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Zambia’s Electoral Commission Postpones Vote Verification 

Zambia's Electoral Commission Thursday postponed verification of votes from last week's presidential by-election after partisans of the ruling party and the main opposition party traded punches. Some electoral officers were reportedly caught in the middle of the fight between supporters of the ruling Movement for Multi-party Democracy (MMD) and main opposition Patriotic Front. Tensions are said to be running high in Zambia, where the opposition Patriotic Front of Michael Sata is refusing to recognize the outcome of last Thursday's presidential by-election. Rupiah Banda of the ruling MMD won the vote narrowly, with main opposition leader Michael Sata coming a close second. Sata accused Zambia's electoral commission of rigging the election in Banda's favor and has begun legal action to obtain a recount.

Reuben Lifuka is the head of Transparency International in Zambia. He tells reporter Peter Clottey from the capital, Lusaka that although the election was peaceful, it did not meet international standards.

"The verification exercise at Lusaka Central Constituency center did attract a lot of controversy between the Patriotic Front cadres as well as the Movement for Multiparty Democracy cadres. As a result of the confusion, the district electoral officer in consultation with the Electoral Commission of Zambia elected to postpone the versification to sometime next week. However, in other districts within Zambia, they've gone ahead with the verification and without any incidence and it is hoped that they would complete the exercise by the weekend or early next week," Lifuka said.

He said Zambia's by-election was generally peaceful and transparent.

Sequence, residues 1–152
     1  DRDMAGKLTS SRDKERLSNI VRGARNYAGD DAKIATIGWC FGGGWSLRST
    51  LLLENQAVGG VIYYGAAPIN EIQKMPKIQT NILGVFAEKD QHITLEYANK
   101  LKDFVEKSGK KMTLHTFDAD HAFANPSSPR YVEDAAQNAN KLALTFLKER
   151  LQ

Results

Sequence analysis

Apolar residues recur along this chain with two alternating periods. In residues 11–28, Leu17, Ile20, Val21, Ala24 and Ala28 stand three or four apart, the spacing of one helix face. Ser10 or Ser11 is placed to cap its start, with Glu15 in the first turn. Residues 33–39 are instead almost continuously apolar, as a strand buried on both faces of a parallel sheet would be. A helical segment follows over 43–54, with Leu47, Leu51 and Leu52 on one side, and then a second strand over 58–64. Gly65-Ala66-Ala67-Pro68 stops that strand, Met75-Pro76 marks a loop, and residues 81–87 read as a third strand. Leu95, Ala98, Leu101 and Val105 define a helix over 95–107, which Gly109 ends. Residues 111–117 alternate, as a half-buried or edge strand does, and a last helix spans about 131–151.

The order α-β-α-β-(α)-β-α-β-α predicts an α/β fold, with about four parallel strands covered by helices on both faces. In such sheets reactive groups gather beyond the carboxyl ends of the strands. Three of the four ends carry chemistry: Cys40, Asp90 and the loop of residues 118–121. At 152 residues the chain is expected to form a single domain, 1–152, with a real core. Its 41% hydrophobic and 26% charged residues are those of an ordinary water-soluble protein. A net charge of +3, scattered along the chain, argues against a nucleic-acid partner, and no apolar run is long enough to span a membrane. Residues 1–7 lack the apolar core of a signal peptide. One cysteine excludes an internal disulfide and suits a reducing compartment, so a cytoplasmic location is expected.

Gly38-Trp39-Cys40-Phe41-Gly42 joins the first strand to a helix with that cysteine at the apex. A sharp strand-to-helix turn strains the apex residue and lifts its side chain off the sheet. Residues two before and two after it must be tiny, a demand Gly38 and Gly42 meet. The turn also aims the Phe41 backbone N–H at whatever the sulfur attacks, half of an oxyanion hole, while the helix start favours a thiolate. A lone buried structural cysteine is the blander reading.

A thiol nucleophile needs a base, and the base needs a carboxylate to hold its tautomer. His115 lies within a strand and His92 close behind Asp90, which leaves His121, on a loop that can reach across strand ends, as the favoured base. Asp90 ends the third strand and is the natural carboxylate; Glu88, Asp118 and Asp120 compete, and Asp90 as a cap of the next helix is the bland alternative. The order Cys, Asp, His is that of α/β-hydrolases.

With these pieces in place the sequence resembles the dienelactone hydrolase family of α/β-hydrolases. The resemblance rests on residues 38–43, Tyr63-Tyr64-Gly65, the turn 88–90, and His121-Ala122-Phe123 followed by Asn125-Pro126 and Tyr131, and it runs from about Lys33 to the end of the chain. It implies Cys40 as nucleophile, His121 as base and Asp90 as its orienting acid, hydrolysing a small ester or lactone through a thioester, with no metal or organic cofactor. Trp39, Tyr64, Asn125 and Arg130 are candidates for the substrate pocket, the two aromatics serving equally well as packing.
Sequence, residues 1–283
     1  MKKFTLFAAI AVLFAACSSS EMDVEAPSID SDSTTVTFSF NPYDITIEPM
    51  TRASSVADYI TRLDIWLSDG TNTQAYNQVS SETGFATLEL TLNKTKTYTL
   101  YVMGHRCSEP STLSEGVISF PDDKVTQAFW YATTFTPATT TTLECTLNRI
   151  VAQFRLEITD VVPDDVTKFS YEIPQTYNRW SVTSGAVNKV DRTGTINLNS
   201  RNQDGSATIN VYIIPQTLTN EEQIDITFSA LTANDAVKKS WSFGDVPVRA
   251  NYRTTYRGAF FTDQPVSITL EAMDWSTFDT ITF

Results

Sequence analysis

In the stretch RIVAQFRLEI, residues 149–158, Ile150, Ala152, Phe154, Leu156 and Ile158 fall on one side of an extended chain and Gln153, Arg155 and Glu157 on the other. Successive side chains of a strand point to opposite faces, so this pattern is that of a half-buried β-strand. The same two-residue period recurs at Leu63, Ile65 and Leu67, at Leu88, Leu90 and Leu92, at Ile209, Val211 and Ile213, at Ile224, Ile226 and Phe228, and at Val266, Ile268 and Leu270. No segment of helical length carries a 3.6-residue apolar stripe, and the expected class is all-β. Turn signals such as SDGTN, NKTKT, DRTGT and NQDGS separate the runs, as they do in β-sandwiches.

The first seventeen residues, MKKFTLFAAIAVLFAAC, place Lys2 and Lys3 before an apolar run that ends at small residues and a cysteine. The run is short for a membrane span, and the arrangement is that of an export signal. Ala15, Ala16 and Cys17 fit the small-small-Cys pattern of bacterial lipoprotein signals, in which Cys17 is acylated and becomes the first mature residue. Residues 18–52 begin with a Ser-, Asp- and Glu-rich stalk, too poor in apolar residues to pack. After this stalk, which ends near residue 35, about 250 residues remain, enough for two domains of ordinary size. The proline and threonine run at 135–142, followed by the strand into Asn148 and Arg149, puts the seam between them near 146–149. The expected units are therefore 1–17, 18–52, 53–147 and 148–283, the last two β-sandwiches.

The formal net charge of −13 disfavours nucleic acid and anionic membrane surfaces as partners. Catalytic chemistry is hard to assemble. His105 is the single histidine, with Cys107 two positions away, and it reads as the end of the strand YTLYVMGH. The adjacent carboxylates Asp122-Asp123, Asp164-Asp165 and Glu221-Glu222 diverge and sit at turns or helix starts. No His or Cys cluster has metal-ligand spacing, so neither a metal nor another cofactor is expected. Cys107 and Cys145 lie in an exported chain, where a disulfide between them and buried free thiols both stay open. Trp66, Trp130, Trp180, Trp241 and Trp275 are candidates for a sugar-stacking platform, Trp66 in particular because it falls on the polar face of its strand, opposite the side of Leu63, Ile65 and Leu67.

"We have looked at the international standards for free and fair elections and in our assessment starting from the pre-election process to the polling day and the election results management. We do see considerable improvement making the whole process transparent. For the first time we saw that polling agents were given an opportunity as well as monitors to sign on the official declaration results. And further, the Electoral Commission of Zambia made a ruling that results once declared would be pasted outside every polling station," he said.

Lifuka said the presidential by-election however failed to meet international standards for free and fair elections.

"We still have a few gray areas particularly in terms of the electoral code of conduct. In that we had very few sanctions against electoral malpractices, which was noted not only from the ruling party, but the opposition party as well. So, our conclusion is that the election was peaceful, they were transparent and we made a number of strides towards free and fair elections, but we are not just there in terms of meeting internationally accepted standards," Lifuka pointed out.

He said the attitude of the electoral commission to improve the electoral process is worth mentioning.

"We are quite pleased with the attitude of the Electoral Commissioner of Zambia, particularly the new chairperson Justice Florence Mumba who has been willing to listen to stakeholders such as ourselves and consider working solutions, which would make our electoral process even more positive and acceptable to various stakeholders. Our immediate impression is that they will take into consideration not just our views, but also the views of international monitors and observers as well as other local monitoring groups. We are hopeful going forward in the future that in 2011 elections in the managing much better manner than the 2008 elections," he said.

Zambia is constitutionally required to elect a new president after former Levy Mwanawasa died of a stroke in August. Banda was hastily sworn in after the election to serve out the remaining three terms in Mwanawasa's second term.